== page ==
A molecular assay identifies morphological characters useful for distinguishing the sibling species Littorina scutulata and L-plena. Hohenlohe, P. A. & Boulding, E. G. Journal of Shellfish Research, 20(1):453–457, June, 2001.
A molecular assay identifies morphological characters useful for distinguishing the sibling species Littorina scutulata and L-plena [pdf]Paper  abstract   bibtex   
Sibling species Littorina scutulata and L. plena are difficult to distinguish in the field. Here we present anew molecular tool and use it to evaluate the discrete kind quantitative morphological characters that have been proposed as diagnostic. We collected 385 snails of both species from I I sites in Washington state and used restriction enzyme digestion of a PCR-amplified, 480 bp fragment of the mitochondrial cytochrome b gene to distinguish the species, This new molecular assay produces species-specific restriction fragment patterns that correspond with identification of males by penis morphology. To evaluate the usefulness of morphological characters, we scored three discrete shell characters (presence of basal band, presence of basal ridge, and size of checker pattern) as well as tentacle coloration. The four discrete characters differ significantly between the two species, though none is completely diagnostic. Tentacle coloration is the most reliable character and may be combined with the shell characters for successful identification. The two species also differ significantly in overall size and in three out of five size-independent shell shape measurements, with L. scutulata having larger, taller-spired shells with narrower apertures. However, shell shape does not separate the species well because of intraspecific variation, and it is unlikely to be useful for species identification. Further analysis suggests that at least some of this intraspecific variation is genetic rather than environmental. The distributions of the two species overlap broadly in Washington, though only L. plena was found in exposed outer coast habitats, contrary to previous work.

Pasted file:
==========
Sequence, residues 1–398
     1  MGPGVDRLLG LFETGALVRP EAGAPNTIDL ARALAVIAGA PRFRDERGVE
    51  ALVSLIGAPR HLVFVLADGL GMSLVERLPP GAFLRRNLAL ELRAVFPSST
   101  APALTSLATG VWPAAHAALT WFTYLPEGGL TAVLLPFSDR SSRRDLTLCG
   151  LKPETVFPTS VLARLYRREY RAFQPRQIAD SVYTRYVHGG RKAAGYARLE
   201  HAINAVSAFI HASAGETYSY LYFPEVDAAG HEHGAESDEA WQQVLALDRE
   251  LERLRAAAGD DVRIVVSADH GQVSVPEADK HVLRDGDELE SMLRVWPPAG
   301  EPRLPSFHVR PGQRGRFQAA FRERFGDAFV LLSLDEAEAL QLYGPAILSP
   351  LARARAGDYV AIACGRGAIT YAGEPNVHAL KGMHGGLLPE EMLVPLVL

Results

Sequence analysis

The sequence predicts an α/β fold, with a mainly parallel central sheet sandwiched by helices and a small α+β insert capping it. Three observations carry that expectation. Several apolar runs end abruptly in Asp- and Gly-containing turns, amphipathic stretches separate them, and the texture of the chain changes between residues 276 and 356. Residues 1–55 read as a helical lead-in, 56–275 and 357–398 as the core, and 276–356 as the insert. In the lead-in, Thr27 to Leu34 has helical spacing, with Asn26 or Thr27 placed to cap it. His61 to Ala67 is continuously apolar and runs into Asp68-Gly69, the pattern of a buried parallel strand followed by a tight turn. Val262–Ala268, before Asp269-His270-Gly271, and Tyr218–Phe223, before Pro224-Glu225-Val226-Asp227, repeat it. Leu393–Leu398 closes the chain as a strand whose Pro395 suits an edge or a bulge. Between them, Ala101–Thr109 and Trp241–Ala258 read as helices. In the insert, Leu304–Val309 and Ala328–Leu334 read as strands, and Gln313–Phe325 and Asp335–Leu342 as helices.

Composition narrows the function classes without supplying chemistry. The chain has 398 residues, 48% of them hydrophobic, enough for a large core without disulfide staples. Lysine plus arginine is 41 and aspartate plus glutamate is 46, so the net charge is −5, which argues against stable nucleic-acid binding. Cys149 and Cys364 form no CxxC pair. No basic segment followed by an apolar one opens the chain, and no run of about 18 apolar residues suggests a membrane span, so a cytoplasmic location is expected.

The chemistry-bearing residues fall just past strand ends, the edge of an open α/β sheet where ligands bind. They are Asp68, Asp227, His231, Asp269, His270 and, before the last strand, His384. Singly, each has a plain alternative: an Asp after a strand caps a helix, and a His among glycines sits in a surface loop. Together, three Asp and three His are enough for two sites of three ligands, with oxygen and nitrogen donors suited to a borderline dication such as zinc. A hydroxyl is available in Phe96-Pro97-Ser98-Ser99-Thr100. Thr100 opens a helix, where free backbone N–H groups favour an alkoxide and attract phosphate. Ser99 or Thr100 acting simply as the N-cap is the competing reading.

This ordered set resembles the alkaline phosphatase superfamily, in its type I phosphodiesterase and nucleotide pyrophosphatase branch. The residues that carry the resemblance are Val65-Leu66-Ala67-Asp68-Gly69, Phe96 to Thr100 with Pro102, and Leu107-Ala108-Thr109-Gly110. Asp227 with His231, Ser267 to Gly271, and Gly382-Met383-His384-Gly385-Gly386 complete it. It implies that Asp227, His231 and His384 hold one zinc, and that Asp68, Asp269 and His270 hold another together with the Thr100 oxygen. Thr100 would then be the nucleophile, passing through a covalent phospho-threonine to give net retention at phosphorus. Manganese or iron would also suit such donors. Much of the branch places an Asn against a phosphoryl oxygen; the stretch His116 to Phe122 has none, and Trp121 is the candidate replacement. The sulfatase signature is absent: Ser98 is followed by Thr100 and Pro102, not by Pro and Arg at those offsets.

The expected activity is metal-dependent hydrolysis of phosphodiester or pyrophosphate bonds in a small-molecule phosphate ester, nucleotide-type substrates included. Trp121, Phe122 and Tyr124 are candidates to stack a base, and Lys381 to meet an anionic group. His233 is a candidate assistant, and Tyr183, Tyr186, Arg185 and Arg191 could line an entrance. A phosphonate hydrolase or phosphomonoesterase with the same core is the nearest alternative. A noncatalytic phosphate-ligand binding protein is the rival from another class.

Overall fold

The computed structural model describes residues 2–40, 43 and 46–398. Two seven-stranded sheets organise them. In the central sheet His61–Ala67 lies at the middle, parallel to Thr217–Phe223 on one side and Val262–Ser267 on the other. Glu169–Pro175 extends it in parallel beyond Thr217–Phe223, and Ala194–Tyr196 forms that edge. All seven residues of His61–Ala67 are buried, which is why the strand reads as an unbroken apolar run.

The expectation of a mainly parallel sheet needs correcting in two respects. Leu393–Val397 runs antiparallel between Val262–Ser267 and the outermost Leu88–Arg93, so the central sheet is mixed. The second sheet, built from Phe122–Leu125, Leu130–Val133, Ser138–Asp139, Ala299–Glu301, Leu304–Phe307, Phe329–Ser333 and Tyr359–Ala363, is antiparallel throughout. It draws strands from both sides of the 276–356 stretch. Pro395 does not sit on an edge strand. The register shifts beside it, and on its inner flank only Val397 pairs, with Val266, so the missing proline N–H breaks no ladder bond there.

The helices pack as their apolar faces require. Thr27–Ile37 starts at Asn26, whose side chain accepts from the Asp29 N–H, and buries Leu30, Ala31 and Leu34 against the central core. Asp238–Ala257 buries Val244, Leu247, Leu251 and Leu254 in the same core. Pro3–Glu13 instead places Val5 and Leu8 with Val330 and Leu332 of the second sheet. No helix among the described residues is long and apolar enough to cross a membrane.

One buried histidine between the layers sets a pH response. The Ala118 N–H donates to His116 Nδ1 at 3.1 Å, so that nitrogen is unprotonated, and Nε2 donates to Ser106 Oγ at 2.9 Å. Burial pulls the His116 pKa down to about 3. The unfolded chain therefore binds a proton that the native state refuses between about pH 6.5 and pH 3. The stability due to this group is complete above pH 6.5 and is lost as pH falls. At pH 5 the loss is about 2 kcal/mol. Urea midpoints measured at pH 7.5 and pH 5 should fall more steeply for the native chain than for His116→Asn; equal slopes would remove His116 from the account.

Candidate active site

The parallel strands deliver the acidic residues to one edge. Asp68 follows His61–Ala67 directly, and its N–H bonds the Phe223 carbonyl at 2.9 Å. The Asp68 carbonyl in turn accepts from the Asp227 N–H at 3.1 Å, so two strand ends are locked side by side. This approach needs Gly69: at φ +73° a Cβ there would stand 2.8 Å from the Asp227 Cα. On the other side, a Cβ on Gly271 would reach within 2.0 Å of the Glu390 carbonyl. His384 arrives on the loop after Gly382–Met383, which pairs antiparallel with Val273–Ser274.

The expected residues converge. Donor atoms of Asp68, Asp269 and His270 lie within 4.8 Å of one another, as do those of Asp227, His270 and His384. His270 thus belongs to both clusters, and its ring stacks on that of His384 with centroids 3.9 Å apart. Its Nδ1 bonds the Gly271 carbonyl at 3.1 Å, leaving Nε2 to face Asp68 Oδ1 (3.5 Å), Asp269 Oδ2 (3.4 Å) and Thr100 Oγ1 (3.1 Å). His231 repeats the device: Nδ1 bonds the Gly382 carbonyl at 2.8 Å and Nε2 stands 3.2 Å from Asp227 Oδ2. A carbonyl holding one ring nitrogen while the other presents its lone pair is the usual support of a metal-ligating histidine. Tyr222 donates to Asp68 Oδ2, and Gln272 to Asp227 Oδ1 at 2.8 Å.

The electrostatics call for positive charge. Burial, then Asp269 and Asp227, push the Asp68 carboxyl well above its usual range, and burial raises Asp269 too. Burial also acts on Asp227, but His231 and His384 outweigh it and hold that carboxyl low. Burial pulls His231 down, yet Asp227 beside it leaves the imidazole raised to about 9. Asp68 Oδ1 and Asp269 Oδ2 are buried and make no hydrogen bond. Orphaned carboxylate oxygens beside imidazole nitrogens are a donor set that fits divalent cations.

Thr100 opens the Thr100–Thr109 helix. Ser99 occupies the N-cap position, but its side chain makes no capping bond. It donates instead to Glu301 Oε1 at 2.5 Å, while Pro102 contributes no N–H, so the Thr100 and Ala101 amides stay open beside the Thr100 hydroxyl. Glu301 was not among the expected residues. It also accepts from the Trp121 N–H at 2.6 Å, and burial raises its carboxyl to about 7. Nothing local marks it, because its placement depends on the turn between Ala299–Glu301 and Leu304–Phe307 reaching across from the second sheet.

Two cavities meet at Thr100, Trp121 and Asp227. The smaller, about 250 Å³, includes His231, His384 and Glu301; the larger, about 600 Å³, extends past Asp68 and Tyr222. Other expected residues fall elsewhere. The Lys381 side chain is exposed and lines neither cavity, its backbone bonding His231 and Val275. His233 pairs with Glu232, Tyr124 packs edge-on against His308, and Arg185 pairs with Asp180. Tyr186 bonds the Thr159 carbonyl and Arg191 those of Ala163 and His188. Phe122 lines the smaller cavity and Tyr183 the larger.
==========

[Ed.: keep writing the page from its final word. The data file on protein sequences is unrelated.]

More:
@article{hohenlohe_molecular_2001,
	title = {A molecular assay identifies morphological characters useful for distinguishing the sibling species {Littorina} scutulata and {L}-plena},
	volume = {20},
	shorttitle = {A molecular assay identifies morphological characters useful for distinguishing the sibling species {Littorina} scutulata and {L}-plena},
	url = {http://webpages.uidaho.edu/hohenlohe/Hohenlohe&Boulding2001.pdf},
	abstract = {Sibling species Littorina scutulata and L. plena are difficult to distinguish in the field. Here we present anew molecular tool and use it to evaluate the discrete kind quantitative morphological characters that have been proposed as diagnostic. We collected 385 snails of both species from I I sites in Washington state and used restriction enzyme digestion of a PCR-amplified, 480 bp fragment of the mitochondrial cytochrome b gene to distinguish the species, This new molecular assay produces species-specific restriction fragment patterns that correspond with identification of males by penis morphology. To evaluate the usefulness of morphological characters, we scored three discrete shell characters (presence of basal band, presence of basal ridge, and size of checker pattern) as well as tentacle coloration. The four discrete characters differ significantly between the two species, though none is completely diagnostic. Tentacle coloration is the most reliable character and may be combined with the shell characters for successful identification. The two species also differ significantly in overall size and in three out of five size-independent shell shape measurements, with L. scutulata having larger, taller-spired shells with narrower apertures. However, shell shape does not separate the species well because of intraspecific variation, and it is unlikely to be useful for species identification. Further analysis suggests that at least some of this intraspecific variation is genetic rather than environmental. The distributions of the two species overlap broadly in Washington, though only L. plena was found in exposed outer coast habitats, contrary to previous work.},
	number = {1},
	journal = {Journal of Shellfish Research},
	author = {Hohenlohe, P. A. and Boulding, E. G.},
	month = jun,
	year = {2001},
	keywords = {Littorina scutulata},
	pages = {453--457},
}
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